Act is unconstitutional and that his maximum prison sentence is contrary to law. “Under the doctrine of res judicata, a final judgment of conviction bars a convicted defendant who was represented by counsel from raising and litigating in any proceeding except an appeal from that judgment, any defense or any claimed lack of due process that was raised or could have been raised by the defendant at the trial, which resulted in that judgment of conviction, or on an appeal from that judgment.” State v. Perry , 10 Ohio St.2d 175, 226 N.E.2d 104 (1967), paragraph nine of the syllabus. Simply stated, “res judicata bars the consideration of issues that could have been raised on direct appeal.” State v. Shah , 2d Dist. Montgomery No. 29685, 2023-Ohio-2328, ¶ 12, citing State v. Saxon , 109 Ohio St.3d 176, 2006-Ohio-1245, 846 N.E.2d 824, ¶ 17.

{¶ 18} Bond had an opportunity to raise the issues contained in his second and fourth assignments of error on direct appeal, but he failed to do so. Because Bond failed to raise these arguments as part of his direct appeal, they are barred by the doctrine of res judicata, and he cannot now raise them on appeal from his limited resentencing. State v. Buckney , 2d Dist. Clark No. 2019-CA-75, 2020-Ohio-4927, ¶ 19; State v. Walters , 4th Dist. Adams No. 16CA1032, 2017-Ohio-5722, ¶ 13.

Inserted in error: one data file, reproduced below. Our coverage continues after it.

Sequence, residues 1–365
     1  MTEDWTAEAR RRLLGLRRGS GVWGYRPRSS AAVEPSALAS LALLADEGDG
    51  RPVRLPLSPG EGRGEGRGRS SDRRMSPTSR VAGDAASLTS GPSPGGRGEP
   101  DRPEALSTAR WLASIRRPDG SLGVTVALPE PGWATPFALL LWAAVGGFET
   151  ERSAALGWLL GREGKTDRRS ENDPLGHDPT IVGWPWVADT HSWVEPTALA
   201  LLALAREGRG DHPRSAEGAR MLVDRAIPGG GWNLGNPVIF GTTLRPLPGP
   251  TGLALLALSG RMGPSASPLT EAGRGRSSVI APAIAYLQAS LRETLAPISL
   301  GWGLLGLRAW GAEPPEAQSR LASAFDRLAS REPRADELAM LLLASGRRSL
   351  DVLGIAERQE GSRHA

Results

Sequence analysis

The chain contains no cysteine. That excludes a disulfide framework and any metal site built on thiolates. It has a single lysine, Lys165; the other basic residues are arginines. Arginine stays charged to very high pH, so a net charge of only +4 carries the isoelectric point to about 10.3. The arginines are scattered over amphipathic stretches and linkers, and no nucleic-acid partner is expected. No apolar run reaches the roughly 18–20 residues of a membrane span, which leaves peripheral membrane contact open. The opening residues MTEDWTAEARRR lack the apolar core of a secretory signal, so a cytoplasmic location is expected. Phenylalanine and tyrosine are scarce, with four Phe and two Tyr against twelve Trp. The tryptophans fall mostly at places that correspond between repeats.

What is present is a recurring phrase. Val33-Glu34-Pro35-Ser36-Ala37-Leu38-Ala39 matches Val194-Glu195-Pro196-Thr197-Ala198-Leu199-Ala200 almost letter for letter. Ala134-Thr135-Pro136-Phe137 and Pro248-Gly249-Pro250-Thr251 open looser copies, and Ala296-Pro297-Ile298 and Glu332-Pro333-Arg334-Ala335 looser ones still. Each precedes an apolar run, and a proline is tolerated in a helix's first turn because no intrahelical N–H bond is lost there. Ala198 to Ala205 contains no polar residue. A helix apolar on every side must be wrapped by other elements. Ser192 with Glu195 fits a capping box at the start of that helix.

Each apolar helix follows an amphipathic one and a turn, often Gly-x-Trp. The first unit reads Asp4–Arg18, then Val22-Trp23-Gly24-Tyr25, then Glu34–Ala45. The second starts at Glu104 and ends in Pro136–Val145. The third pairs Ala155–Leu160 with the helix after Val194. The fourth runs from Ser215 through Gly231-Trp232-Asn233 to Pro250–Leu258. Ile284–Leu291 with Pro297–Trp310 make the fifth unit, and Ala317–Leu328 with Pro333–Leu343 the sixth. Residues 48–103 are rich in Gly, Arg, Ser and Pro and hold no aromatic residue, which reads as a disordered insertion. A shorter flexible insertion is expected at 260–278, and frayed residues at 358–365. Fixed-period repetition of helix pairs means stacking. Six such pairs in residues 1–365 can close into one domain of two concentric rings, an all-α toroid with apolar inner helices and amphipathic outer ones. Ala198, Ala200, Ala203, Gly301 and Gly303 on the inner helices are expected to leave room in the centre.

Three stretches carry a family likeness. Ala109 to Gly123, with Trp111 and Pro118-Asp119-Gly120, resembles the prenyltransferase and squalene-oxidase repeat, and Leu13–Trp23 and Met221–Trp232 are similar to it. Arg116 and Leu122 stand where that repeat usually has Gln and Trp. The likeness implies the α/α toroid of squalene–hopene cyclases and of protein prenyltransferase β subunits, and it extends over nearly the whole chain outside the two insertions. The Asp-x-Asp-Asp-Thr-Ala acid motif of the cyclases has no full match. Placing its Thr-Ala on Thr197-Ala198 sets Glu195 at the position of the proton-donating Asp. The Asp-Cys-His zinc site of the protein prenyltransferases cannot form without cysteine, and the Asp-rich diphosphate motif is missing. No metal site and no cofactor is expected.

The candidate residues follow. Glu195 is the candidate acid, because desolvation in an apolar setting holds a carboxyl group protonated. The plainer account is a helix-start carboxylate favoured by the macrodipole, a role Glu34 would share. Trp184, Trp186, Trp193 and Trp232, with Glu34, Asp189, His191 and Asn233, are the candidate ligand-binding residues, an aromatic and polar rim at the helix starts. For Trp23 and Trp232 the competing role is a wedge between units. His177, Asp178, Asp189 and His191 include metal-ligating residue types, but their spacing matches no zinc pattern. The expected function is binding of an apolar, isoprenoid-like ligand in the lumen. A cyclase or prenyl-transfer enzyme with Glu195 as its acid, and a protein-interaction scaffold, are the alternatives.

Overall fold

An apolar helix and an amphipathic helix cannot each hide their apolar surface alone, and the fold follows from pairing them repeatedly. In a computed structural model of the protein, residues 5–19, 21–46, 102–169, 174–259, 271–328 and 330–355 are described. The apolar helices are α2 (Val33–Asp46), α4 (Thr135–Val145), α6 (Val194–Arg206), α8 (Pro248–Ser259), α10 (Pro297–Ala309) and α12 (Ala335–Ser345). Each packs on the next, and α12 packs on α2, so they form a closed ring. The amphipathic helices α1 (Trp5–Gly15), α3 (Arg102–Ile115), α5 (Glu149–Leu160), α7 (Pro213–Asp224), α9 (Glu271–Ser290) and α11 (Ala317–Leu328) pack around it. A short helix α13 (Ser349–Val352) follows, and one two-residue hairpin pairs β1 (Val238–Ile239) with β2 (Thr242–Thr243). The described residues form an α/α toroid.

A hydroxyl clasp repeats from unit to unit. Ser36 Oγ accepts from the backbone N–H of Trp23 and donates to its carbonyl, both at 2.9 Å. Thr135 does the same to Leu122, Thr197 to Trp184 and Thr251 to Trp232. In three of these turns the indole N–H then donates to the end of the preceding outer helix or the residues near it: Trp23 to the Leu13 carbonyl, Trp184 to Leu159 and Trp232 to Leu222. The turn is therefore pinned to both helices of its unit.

{¶ 19} The second and fourth assignments of error are overruled. IV. The Trial Court’s Failure to Notify Bond of His Appellate Rights Was Harmless Error {¶ 20} Bond’s third assignment of error states: The trial court erred when it failed to notify Appellant of his right to appeal his postrelease sentence after the resentencing hearing violated the Fifth Amendment, Fourteenth Amendment, and Ohio Constitution Article 1 § 10 and 16. {¶ 21} Bond contends that the trial court did not inform him of his Crim.R. 32(B)

appellate rights, which violated his right to due process. Bond’s Brief, p. 17. According to Bond, “[t]rial judges must be meticulous and precise in following each of the requirements of Rule 32 in every case.” Id. at 18. However, Bond acknowledges that “a sentencing court’s failure to inform a defendant of his right to appeal is subject to a harmless error analysis.” Id.

{¶ 22} While the State concedes that the trial court failed to advise Bond of his appellate rights during his resentencing hearing, the State contends that this error was harmless because Bond timely filed his notice of appeal. Further, the State points out that Bond was informed of his appellate rights during his original sentencing hearing.